Finding “A” Level Salespeople

I really wasn’t expecting it.  In fact, I really took it for granted.  At DeWalt, we hired off the campuses of major state universities.  We hired for sales positions, but we did it with the idea that the people we hired could become the president of Black and Decker.  That was in the early nineties. Since then, Black and Decker was folded into the Stanley Tool Works and the 400 or so new hires from then, are now executives with other companies.  Thankfully, LinkedIn has allowed us all to keep in contact.

Recruiting, interviewing and hiring that many people in a short window was a huge undertaking and Black and Decker was amazing at it.  The field sales team owned the relationships with the campuses we recruited on, and the process that was built was spectacular.  The team was trained on interviewing, and it was a scientific process that allowed us to use our own style, as we stayed within the guidelines.  

In my consulting, I’ve found that almost all my clients have a recruiting process that is much less structured and rigorous.  It challenges them daily. It leads to turnover and it leads to underperformance. As I work with them, I break finding talented sellers into three areas:

  1. Recruiting “A” level talent
  2. Interviewing process to thoroughly vet the candidates
  3. Hiring the candidates that best fit the needs of the company

We start in the middle with defining a rigorous, behavioral based interviewing process that gives us a fair and equal understanding of each candidate.  Too often the interviews are set with multiple interviewers who don’t have the time to prepare.  The questions they ask are just like the other interviewers.  They end up using resume as a cheat sheet.  This is not only a poor practice; it often leads to failure to truly understand the candidate and it scares away the “A” players.  The interviewers don’t really understand what they are looking for.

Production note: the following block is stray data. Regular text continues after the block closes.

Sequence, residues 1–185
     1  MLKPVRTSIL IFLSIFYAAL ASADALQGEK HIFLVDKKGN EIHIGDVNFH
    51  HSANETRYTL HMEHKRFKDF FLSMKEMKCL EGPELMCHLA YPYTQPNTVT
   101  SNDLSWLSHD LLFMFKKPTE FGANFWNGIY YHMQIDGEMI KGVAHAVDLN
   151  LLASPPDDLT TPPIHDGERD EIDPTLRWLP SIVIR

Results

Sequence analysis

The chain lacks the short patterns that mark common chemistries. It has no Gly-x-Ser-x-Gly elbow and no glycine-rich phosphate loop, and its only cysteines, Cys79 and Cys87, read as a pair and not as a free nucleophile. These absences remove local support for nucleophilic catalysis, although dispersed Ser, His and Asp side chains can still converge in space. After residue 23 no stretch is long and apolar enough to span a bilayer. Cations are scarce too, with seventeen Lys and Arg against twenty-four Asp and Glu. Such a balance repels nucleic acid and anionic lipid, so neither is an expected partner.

The second action we take is to define the skills and values that the company needs for the salesperson to be successful.  This allows the interviewers to know exactly what they are looking for. We use an outcome-based process to define success and translate those inputs into competencies.  We also define the must have values for the individual to work for my client.  Skills can be trained if the salesperson has an aptitude for sales.  Values cannot be trained.  If the values aren’t there, they can’t work for my clients.  It saves a lot of time and pain later.  

Once we have defined the skills and values, we create questions, and assign them to each of the future interviewers and train them on how to ask behavioral interview questions and listen and interpret the answers.  

This doesn’t guarantee that you won’t make mistakes in hiring, but it improves your odds dramatically.  In future articles, we will outline our process for recruiting (Step one in the process) and hiring (Step three).  Please look for “Always Be Looking For Stars”, coming in January 2020.  It’s a little story on how to get big hiring results.  

Jerry Phillips is the President of NineRuns.  He works with manufacturing companies that want to improve their sales and profits.  He is the author of “Always Be Looking For Stars” and speaks on “The three biggest mistakes in hiring”.

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